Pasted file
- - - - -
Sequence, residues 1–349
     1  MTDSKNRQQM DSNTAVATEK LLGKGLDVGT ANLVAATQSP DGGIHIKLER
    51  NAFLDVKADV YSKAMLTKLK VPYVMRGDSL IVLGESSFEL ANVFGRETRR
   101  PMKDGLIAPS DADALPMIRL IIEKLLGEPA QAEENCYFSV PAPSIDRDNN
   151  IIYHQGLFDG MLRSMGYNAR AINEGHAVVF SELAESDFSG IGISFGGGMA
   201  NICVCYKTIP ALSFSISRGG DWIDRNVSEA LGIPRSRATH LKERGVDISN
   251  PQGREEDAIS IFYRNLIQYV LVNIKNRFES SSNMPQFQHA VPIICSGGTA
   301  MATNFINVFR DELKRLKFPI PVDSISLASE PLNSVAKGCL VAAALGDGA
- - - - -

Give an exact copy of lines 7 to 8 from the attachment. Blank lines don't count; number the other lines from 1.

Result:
   251  PQGREEDAIS IFYRNLIQYV LVNIKNRFES SSNMPQFQHA VPIICSGGTA
   301  MATNFINVFR DELKRLKFPI PVDSISLASE PLNSVAKGCL VAAALGDGA